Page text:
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Sagar Sarhadi

  • Real Name: Ganga Sagar Talwar
  • Born: 11/05/1933 (Abbottabad, Baffa)
  • Died: 21 March, 2021 (Sion, Bombay)
  • Primary Cinema: Hindi
  • Parents: Prem dai, Than Singh Talwar

Writer of evergreen hits such as Kabhi Kabhie (1976), Silsila (1981), Chandni (1989) and Deewana (1992) as well as director of the exceptional Bazaar (1982), Sagar Sarhadi is acknowledged as one of the finest storytellers in the Hindi film industry. His work as an Urdu playwright is also acclaimed. Known also for his work on Anubhav (1971) and Noorie (1979) he also bagged the Filmfare Award for Best Screenplay and Dialogues for Kabhi Kabhie

Born Ganga Sagar Talwar in 1933 in Abbottabad, Baffa, he later changed his name to reflect his connection with the North West frontier province. At age 6, he lost his mother to TB which was incurable at the time. Films were a welcome pastime. In fact, once returning home after watching Heer-Ranjha (1948) for the second time, his elder brother boxed his ears asking, ‘Why did you waste money by watching it twice?’ Sagar simply had no answer! His abiding passion for cinema would one day drive him to write and direct films.

He was just 12 when he and his family thwarted death and escaped to Srinagar and then on to Delhi, post Partition. Pained by being uprooted from his hometown and compelled to live in a refugee camp followed by crowded rooms, he was haunted by memories of his hometown and childhood which were left behind. In order to give vent to his anguish, he picked up the pen and poured out his feelings in his writing.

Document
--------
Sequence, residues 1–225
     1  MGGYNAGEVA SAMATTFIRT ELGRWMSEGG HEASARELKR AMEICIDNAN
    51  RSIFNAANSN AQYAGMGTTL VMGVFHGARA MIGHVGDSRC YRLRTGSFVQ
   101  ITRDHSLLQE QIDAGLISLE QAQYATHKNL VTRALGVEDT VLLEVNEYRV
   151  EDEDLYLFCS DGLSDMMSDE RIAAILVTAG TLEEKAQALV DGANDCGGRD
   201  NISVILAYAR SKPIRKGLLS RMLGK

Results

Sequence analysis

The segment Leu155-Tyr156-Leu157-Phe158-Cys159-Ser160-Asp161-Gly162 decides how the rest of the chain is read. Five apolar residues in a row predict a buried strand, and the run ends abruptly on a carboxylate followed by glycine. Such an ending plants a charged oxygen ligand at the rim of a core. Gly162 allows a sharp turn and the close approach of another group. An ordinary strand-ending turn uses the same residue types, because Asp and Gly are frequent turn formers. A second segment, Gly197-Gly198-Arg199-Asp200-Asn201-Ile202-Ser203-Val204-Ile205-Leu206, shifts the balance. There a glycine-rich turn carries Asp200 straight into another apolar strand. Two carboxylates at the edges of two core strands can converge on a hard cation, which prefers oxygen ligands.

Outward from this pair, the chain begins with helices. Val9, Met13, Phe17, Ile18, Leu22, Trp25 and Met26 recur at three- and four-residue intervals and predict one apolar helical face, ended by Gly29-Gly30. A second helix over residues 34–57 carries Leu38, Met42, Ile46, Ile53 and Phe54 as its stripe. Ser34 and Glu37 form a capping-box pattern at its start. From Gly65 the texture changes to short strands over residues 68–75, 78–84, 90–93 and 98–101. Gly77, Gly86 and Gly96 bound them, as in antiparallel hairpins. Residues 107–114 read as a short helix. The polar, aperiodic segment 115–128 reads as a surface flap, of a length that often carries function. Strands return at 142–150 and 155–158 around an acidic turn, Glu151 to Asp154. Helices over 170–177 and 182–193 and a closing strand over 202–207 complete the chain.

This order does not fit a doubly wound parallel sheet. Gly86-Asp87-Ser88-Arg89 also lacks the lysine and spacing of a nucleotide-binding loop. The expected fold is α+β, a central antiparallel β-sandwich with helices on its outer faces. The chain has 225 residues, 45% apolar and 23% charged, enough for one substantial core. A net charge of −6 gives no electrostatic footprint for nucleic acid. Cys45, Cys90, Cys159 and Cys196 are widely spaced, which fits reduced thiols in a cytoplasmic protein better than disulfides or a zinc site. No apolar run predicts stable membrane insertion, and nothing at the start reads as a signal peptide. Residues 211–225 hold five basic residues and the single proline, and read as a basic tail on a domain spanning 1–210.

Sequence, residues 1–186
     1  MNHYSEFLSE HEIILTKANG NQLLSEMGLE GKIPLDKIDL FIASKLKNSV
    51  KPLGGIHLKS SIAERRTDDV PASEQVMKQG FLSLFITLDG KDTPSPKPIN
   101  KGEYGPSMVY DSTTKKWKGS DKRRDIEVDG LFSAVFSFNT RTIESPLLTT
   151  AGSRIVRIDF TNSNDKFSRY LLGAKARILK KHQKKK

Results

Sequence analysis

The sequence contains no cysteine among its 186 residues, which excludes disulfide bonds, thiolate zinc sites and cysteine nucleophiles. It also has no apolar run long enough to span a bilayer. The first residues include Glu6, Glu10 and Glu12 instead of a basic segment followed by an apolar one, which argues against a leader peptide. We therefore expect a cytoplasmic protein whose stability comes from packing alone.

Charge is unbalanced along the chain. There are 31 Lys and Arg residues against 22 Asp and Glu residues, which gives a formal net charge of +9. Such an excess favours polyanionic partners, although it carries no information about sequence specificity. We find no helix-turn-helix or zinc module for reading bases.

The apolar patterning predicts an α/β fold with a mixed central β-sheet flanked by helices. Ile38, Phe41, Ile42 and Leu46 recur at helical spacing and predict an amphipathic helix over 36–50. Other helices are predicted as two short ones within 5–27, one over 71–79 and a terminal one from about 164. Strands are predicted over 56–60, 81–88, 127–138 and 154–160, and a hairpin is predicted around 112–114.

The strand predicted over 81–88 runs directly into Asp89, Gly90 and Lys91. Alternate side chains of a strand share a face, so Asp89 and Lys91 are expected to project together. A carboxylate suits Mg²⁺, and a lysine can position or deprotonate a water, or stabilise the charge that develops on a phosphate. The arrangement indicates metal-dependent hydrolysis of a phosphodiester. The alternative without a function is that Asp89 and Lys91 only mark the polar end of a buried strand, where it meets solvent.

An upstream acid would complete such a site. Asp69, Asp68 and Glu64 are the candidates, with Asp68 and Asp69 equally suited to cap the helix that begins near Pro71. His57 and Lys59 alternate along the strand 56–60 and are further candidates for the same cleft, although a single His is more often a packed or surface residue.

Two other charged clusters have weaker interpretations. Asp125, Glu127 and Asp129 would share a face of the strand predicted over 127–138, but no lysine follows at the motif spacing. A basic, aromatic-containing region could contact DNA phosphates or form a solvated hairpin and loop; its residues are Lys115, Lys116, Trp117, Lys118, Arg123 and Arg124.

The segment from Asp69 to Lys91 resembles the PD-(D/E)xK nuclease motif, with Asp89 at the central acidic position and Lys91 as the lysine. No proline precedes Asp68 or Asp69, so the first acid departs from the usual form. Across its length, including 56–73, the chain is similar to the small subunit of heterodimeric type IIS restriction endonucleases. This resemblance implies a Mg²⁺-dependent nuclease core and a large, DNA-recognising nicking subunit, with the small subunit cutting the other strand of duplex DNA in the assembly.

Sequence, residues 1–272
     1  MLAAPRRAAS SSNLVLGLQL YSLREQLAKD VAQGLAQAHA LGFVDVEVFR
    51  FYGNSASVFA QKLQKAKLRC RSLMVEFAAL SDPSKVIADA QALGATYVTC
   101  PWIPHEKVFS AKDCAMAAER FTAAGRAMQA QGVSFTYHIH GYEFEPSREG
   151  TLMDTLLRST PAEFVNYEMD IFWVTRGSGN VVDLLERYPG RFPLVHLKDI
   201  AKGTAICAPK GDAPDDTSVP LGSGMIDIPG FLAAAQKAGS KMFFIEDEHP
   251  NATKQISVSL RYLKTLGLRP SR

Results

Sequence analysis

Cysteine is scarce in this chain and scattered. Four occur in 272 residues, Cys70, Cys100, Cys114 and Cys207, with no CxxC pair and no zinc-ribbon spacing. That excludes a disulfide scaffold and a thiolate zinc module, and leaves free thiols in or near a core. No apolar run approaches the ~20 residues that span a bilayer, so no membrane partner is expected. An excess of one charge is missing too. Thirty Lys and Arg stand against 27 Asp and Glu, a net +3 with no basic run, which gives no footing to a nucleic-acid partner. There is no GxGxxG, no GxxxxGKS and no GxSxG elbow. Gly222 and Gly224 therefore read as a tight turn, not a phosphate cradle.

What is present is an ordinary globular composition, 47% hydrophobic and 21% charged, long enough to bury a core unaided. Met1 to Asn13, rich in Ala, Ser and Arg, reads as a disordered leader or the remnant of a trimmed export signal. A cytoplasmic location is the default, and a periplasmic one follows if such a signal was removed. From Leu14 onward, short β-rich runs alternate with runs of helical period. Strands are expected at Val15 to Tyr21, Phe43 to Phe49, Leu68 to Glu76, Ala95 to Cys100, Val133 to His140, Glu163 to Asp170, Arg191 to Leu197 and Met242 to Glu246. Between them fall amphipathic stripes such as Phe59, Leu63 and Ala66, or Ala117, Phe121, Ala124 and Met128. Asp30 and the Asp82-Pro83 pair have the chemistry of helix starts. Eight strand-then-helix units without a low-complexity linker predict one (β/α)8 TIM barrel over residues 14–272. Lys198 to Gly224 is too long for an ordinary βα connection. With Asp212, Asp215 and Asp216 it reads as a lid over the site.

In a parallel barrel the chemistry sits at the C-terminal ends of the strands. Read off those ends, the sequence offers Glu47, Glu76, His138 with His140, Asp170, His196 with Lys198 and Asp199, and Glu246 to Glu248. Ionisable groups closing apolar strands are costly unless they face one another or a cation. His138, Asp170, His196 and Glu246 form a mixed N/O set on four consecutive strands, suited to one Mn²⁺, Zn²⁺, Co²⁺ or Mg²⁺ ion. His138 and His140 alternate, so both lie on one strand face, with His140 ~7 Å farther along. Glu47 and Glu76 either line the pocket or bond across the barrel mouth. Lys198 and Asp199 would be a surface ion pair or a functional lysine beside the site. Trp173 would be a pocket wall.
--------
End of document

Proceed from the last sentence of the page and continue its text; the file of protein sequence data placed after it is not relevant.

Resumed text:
On completion of his matriculation in Delhi, he moved to Bombay, where his elder brother had set up a cloth shop. Enrolling at Khalsa College, he was impressed by his senior, Gulzar who spoke Urdu fluently and quoted Mir and Ghalib liberally. Realising he himself was not sufficiently well-read, he decided to improve his understanding of Urdu literature, by reading extensively. In fact, he even switched to St Xavier’s College in his final year, to further enhance his experience of English. With his father, a once-prosperous man, passing away, and his brother struggling to make ends meet, Sagar began teaching at an educational institute at a low wage, taking up employment at a typing institute. He was not a success; his efforts at driving a taxi and managing his brother’s cloth shop in the afternoons were a failure as well. That is when Sarhadi realised that writing was what he was meant to do. 

He started to attend the Sunday literary meetings at Red Flag Hall at Grant Road, which housed the Progressive Writer’s Association. Here he was exposed to famous Urdu writers such as Rajinder Singh Bedi, Ismat Chugtai, KA Abbas, Sardar Jafri, Kaifi Azmi and others, who read out their stories. It was here that Sarhadi picked up not just the nuances of writing but also the understanding that our existence is inconsequential if we lack in compassion. From among the Progressive writers, Sarhadi also forged a close connection with Sajjad Zaheer and Kaifi Azmi. Virtual father figures, Zaheer encouraged Sarhadi to write and get published, while Azmi helped him overcome the disappointment of his plays repeatedly failing.